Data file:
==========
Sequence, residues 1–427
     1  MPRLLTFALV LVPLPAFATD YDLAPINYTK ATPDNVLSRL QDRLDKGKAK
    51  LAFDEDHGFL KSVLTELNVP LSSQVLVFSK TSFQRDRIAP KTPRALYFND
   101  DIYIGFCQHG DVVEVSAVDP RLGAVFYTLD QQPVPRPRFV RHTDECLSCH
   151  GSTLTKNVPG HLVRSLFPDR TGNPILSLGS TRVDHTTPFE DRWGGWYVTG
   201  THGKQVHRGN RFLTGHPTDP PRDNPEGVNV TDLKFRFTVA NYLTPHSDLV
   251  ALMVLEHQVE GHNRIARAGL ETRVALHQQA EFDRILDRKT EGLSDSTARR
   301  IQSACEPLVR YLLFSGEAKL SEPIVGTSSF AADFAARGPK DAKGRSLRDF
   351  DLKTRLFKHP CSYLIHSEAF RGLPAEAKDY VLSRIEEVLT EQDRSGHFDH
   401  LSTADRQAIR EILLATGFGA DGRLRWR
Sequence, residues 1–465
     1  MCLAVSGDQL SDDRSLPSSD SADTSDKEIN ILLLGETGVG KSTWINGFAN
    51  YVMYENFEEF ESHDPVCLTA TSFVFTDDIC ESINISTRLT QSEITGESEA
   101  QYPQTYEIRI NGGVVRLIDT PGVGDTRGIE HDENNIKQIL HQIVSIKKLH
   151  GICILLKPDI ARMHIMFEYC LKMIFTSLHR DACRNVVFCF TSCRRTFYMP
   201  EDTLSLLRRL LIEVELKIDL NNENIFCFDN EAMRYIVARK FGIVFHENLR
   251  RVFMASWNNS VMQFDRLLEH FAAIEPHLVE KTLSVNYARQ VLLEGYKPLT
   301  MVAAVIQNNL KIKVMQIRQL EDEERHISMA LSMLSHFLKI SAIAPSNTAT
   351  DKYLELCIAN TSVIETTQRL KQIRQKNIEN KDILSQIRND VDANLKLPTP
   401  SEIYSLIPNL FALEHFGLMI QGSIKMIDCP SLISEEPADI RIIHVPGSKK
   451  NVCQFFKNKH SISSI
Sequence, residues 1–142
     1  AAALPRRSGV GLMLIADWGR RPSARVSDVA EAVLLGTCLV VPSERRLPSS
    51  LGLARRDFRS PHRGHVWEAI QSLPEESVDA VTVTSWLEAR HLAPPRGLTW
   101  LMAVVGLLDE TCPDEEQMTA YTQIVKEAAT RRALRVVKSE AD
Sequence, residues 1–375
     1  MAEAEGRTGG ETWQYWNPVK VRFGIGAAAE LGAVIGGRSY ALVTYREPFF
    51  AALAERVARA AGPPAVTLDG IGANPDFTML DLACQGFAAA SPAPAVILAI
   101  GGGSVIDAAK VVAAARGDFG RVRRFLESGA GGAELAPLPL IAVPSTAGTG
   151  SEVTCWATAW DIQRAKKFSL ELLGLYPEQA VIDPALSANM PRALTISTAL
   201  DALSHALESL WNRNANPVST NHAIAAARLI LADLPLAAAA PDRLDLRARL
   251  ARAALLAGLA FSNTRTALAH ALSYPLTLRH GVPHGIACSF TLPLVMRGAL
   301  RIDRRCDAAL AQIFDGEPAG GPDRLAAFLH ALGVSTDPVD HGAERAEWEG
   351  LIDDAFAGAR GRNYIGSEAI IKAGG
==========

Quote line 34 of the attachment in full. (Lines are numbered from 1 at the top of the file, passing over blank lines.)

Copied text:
   351  LIDDAFAGAR GRNYIGSEAI IKAGG